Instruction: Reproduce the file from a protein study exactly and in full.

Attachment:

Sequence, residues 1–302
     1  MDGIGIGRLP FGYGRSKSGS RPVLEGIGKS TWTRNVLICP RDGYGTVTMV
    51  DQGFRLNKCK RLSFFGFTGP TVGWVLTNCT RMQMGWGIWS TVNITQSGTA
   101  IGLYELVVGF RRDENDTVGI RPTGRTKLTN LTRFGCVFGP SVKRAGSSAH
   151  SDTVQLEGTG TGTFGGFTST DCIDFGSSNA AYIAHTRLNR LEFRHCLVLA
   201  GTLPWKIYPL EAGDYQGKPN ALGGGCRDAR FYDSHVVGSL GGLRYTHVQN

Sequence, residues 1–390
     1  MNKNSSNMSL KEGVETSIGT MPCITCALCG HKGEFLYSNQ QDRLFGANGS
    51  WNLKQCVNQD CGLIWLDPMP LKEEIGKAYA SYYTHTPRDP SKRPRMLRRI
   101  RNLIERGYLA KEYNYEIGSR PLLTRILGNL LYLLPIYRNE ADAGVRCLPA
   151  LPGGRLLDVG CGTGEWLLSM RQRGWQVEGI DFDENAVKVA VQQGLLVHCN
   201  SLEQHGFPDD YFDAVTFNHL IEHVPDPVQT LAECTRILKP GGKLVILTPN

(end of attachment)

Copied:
Sequence, residues 1–302
     1  MDGIGIGRLP FGYGRSKSGS RPVLEGIGKS TWTRNVLICP RDGYGTVTMV
    51  DQGFRLNKCK RLSFFGFTGP TVGWVLTNCT RMQMGWGIWS TVNITQSGTA
   101  IGLYELVVGF RRDENDTVGI RPTGRTKLTN LTRFGCVFGP SVKRAGSSAH
   151  SDTVQLEGTG TGTFGGFTST DCIDFGSSNA AYIAHTRLNR LEFRHCLVLA
   201  GTLPWKIYPL EAGDYQGKPN ALGGGCRDAR FYDSHVVGSL GGLRYTHVQN

Sequence, residues 1–390
     1  MNKNSSNMSL KEGVETSIGT MPCITCALCG HKGEFLYSNQ QDRLFGANGS
    51  WNLKQCVNQD CGLIWLDPMP LKEEIGKAYA SYYTHTPRDP SKRPRMLRRI
   101  RNLIERGYLA KEYNYEIGSR PLLTRILGNL LYLLPIYRNE ADAGVRCLPA
   151  LPGGRLLDVG CGTGEWLLSM RQRGWQVEGI DFDENAVKVA VQQGLLVHCN
   201  SLEQHGFPDD YFDAVTFNHL IEHVPDPVQT LAECTRILKP GGKLVILTPN